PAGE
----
The company has about 500 employees altogether, including 340 at its Sandpoint plant and headquarters, and another about 150 at a plant it operates in Lowell, Mich., along with some temporary employees at different times.
Frank says Litehouse's investment in creating new products to broaden its reach will continue to drive its growth.
"Our commitment to innovation is the lifeblood of our company," he says.
It's proved to be a successful strategy in rolling out new products, such as a line of varietal apple ciders Litehouse introduced last fall, Frank says. This year, Litehouse expects to sell about 3.75 million gallons of cider nationwide, up from about 500,000 gallons last year, all of which was sold in the western U.S. between September and December. The company has committed to using all Washington-grown apples in its cider production, which will strengthen the brand recognition, Frank says.
Frank says Litehouse has been aggressive in its marketing program for both new and established products as it seeks to create a more nationally and, ultimately, internationally recognized name, eyeing Latin America and Asia, and Europe as potential future markets. It has gained market share for its signature refrigerated salad dressing line in two big markets, Sacramento and Minneapolis, by concentrating on advertising in those markets. Frank says that over the past year, Litehouse has become the top selling brand of refrigerated salad dressing in Minneapolis, up from its previous position as the second-biggest, and moved up from third best-selling to second-best in Sacramento.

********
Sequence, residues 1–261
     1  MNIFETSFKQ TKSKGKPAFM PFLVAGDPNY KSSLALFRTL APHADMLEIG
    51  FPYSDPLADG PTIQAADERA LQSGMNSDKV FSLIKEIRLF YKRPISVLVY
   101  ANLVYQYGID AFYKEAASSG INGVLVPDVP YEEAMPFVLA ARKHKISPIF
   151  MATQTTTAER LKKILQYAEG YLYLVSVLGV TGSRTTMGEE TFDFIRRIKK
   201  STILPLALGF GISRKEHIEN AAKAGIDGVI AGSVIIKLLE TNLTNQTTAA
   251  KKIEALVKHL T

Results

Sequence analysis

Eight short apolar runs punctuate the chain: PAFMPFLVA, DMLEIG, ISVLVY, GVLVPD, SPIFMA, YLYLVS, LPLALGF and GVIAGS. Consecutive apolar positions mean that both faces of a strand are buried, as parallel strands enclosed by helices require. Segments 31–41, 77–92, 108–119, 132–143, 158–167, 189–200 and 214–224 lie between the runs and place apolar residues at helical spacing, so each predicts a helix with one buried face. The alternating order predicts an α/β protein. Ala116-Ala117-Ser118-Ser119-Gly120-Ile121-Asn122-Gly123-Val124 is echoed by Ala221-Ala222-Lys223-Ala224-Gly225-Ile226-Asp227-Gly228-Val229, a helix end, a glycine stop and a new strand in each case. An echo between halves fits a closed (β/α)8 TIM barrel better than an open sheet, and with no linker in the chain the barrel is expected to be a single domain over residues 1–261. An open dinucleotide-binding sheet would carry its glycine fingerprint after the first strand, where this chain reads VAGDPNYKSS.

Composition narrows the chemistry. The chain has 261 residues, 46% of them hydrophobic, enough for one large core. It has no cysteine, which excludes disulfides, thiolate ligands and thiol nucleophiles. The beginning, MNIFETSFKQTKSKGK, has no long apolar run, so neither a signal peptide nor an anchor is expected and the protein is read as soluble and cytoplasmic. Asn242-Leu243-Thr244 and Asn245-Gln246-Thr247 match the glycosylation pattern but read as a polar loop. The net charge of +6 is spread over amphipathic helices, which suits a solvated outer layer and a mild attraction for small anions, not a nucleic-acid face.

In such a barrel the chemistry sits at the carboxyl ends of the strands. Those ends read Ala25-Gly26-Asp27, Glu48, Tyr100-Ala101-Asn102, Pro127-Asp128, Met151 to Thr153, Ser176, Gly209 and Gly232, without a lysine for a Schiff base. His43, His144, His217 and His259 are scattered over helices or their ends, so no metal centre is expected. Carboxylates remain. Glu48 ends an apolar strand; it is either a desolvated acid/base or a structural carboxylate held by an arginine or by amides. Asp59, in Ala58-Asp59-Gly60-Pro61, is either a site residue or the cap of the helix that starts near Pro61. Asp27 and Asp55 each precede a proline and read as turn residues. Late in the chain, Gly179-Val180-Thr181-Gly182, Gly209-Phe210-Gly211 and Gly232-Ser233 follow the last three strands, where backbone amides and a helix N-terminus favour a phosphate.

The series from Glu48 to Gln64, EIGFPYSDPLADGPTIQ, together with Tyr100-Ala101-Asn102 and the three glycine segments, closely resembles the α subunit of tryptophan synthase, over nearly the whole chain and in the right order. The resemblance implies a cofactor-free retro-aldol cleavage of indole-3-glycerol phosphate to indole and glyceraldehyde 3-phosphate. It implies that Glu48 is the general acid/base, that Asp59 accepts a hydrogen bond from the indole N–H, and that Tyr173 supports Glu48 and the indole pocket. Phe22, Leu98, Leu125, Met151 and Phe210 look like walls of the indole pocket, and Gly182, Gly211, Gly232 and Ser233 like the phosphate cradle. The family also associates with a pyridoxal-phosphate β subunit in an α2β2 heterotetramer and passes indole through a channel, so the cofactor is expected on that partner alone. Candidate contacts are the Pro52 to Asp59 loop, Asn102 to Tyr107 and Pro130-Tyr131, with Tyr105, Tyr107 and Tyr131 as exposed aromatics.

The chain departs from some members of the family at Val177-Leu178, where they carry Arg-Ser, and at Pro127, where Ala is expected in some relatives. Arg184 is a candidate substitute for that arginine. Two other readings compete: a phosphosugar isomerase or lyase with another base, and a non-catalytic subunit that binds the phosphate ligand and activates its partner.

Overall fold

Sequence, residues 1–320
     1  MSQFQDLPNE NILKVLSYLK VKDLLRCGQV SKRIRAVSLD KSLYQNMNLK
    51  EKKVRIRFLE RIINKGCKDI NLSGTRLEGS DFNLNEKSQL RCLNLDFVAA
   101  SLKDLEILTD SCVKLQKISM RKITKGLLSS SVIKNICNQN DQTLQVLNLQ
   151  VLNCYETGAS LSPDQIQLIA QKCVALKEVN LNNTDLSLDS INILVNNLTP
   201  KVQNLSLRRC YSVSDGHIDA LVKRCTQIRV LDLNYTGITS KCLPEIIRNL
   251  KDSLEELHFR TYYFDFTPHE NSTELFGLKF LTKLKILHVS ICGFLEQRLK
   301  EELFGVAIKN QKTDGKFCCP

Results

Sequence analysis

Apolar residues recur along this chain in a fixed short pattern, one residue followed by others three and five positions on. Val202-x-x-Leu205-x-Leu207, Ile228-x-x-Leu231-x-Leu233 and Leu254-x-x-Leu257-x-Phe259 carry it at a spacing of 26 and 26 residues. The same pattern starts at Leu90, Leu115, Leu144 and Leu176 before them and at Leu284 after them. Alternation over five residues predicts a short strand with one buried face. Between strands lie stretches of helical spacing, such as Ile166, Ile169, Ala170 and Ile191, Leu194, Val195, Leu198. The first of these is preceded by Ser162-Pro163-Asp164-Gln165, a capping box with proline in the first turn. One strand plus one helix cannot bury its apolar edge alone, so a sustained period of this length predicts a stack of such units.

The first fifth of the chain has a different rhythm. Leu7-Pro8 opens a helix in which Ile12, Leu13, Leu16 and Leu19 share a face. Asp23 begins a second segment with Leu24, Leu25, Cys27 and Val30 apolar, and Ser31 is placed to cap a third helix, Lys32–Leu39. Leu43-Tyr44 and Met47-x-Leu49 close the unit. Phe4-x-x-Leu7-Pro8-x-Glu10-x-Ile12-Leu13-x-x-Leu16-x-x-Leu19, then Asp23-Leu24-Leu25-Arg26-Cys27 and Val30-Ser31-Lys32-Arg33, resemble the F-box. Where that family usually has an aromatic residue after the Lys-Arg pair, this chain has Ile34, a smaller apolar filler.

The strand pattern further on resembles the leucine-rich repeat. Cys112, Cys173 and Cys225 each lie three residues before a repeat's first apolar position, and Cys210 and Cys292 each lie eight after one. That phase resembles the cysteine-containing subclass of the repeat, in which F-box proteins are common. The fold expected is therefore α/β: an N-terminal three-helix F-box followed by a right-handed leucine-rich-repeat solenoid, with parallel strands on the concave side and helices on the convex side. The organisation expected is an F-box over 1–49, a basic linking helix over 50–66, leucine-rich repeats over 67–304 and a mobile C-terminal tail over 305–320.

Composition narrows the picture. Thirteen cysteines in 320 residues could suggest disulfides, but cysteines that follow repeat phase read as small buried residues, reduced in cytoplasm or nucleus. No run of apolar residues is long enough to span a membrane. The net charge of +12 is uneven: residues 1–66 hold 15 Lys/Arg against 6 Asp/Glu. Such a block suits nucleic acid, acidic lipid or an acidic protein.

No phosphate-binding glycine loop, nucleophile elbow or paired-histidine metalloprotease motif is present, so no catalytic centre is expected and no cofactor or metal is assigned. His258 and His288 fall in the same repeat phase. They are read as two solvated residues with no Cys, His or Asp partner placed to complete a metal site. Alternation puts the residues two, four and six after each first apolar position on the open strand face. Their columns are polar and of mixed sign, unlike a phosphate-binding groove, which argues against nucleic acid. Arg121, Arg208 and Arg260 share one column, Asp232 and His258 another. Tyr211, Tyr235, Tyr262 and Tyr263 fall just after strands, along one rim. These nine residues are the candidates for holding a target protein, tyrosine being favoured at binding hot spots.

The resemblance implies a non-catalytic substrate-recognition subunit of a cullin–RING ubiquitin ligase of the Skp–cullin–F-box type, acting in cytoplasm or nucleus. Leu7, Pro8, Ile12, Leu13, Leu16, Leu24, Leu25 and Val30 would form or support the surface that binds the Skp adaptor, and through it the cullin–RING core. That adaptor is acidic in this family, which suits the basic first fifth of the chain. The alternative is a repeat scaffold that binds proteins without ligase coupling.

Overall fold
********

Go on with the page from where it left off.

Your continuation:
Litehouse has added social media to its marketing mix, and has worked on revamping its Web site, buying banner advertising on the Internet, and adding a healthy-recipe Web site using its products to engage consumers further, Kusche says. Though it's hard to quantify the benefits of that approach as far as hard sales numbers go, the company sees a strong social media presence as another way to build brand recognition, Kusche says.
Frank says that though Litehouse has land available in both Sandpoint and Michigan for expansion of its production facilities, it still has capacity to increase production in its current facilities and has no plans to expand its plants yet.
With its permanent employees and some occasional temporary hires, the company can ramp production up or down as needed, he says, and for now it expects to remain fairly stable on the numbers of people it employs. The positions it has added recently mainly have been in marketing and product development, which the company sees as key ingredients for moving toward its aggressive goals, he says.
Kusche says the company will continue to emphasize development of new products, and is in the process of installing a research-and-development kitchen in one of two former houses it has bought adjacent to its Sandpoint factory. There, a team of nine food developers will come up with new products for the company, he says.
"We're looking at all avenues of growth, not just adding another bottle of dressing," Kusche says.